When I was growing up, I saved every bit of schoolwork I ever made. I did this because my parents told me too. I’m guessing they wanted to have the memories. Every worksheet and notebook sat in a cardboard box, under our dinner table, a time capsule starting from kindergarten.

Well, it was the summer after 7th grade, and those boxes were full. My parents wanted to clean the house, so my mom dumped a pile of old toys I played with, and told me to figure out what I wanted to keep, and what I didn’t. After that, I was to do the same with my old schoolwork.

What neither of us knew was that my dad had already taken the box (my box) of schoolwork, and had thrown the whole thing away, box and all.

Was I upset? Well, yeah! I’m sure a lot of embarrassing, adorable stuff was in there. But, I wasn’t upset enough to dig it out of a dumpster, so I let it go. That day, I made a resolution: I would never throw out my schoolwork again. Not until I got a chance to look through it first.

I kept this up all the way through college, and today, I decided to mine through all my undergraduate work, to see what gold I could find.

It turned out my dad had the right idea after all. I wanted almost none of it! It’s funny, at the time it all seemed to matter so much. After a few years, it just doesn’t.

The bulk of it is answers to homework questions. I threw out all of that, because they all refer to questions from textbooks I no longer own. I sold most of my textbooks every year, in a bid to stop the textbook bureaucracy from extracting more money from students.

The stuff that isn’t homework is primarily notes from my computer science courses. That’s to be expected, it’s what I majored in. There, the problem is that much it is far, far too similar to my day-to-day work. I don’t need my old notes on Python and data structures, when I have to deal with that every day. Freaking tech jobs. If I have to use one more hash table, I’m going to flip out. (Just kidding, hash tables are the one true data structure. If you disagree, you have yet to see the light.)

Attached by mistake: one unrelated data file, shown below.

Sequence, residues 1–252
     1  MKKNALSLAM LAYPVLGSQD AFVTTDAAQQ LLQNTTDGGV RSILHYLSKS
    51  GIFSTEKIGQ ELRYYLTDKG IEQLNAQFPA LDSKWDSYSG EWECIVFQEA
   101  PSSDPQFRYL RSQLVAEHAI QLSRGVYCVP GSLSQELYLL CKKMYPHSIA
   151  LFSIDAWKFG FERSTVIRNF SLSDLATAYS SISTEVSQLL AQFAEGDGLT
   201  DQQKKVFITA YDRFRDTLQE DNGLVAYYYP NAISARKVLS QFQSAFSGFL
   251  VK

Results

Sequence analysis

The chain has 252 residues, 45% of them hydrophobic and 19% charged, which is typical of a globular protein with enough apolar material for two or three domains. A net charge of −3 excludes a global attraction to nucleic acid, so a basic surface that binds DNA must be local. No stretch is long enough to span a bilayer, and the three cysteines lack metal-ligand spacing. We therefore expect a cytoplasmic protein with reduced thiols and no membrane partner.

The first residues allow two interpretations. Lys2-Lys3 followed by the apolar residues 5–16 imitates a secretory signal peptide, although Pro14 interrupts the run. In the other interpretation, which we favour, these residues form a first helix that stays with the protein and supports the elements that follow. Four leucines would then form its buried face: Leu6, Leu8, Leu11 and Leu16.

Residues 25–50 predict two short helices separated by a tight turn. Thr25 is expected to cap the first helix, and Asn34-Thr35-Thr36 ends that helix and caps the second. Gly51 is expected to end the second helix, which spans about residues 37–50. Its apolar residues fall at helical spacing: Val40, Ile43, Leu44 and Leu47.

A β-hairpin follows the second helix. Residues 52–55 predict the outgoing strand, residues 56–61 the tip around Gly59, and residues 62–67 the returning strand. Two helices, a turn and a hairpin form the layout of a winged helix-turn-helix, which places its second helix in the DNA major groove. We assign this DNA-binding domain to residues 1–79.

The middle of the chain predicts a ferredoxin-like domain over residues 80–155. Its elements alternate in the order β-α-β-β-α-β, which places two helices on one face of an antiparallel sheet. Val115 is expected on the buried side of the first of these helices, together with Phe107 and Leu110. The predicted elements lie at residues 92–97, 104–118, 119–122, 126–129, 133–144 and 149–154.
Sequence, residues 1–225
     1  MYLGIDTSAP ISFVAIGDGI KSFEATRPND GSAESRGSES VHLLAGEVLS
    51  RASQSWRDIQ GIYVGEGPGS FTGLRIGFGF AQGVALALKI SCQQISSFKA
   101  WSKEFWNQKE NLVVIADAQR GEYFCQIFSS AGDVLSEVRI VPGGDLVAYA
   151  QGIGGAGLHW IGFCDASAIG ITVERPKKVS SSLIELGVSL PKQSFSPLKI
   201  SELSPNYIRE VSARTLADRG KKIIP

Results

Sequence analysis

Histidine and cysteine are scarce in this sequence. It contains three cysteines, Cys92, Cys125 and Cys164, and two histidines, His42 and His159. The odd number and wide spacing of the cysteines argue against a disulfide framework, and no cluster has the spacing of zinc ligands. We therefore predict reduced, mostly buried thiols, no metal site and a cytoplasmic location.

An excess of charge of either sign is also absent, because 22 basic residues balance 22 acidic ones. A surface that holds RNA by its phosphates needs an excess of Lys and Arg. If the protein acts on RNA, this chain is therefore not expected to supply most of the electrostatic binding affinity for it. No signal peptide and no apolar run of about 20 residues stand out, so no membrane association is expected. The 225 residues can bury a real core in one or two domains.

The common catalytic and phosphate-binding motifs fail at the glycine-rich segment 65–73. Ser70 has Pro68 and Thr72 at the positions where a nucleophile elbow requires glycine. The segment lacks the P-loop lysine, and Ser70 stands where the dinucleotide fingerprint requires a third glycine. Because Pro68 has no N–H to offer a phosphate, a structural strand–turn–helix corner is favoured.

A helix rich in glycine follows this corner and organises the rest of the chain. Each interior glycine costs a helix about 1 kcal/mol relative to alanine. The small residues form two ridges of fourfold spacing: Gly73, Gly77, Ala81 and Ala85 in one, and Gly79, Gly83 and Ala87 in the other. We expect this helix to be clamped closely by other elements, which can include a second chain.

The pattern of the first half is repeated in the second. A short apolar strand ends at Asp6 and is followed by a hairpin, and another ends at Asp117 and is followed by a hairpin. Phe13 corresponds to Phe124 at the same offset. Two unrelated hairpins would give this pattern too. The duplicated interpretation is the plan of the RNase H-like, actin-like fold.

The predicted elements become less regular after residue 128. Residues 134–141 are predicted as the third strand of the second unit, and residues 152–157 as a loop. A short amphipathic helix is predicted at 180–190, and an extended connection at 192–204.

In a weird twist of fate, much of what I decided to keep was actually from the courses I liked the least at the time. The humanities class about movie stars in the 1950s and 1960s, which I found terribly boring. The operating systems course, where I liked the overarching concepts, and hated the details. The music course about music’s intertwining evolution with American culture, which…okay, actually, I liked that class, but I haven’t felt any urge to review it. I don’t like those courses any more than I did then, but they were different, and I respect that.

As for the courses I liked, I’m keeping those notes too, but wow, I remember so little of what I learned. For example, I took a course on formal logic, where we proved that proofs work. My notes are all Greek to me, literally and figuratively. (Logic uses a lot of symbols.) Meanwhile, I don’t remember Poisson distributions as well as I should, considering how much time we spent on them in probability theory. And although I can tell you what an SVM does, I had forgotten the exact way you structure the optimization such that its solution maximizes the margin. I could re-learn some of this quickly if I needed to, but the key point is that I haven’t needed to.

If that’s true, what was the point of doing it?

I took those courses because I wanted to. That worked for me, and I had the luxury to afford it, but it makes me realize how much of college must be wasted time for the people who just care about getting a high paying job. You could argue college teaches general skills around work ethic, socializing, time management, networking, and so on, but shouldn’t teaching those skills be high school’s job?

The argument that rings true for me is that most people’s college experience is like mine, where only small parts matter, but it isn’t clear what parts matter for you until after you finish undergrad.

Despite forgetting a lot of what I learned, I do feel that time was when I was most “alive”. I had more varied interests, was generally more curious about the world, and went through a lot of personal growth. It’s made me realize how much I miss having 100% freedom to do whatever I wanted, without having to worry about money or career aspirations. Now, there are heavy incentives to find my lane, so to speak. It can drift, but large shifts come at large costs.

It also reminded me that once upon a time, I genuinely thought “It’s all ogre now” was an incredible meme. I liked it so much that I wrote it on the cheat sheet for my machine learning final. Well, we’ve all got things we regret. Luckily, I’ve moved on to much better memes, like “Call Me Maybe” + “X Gon’ Give It To Ya” mashups. Four years from now, I bet I’ll still like that song.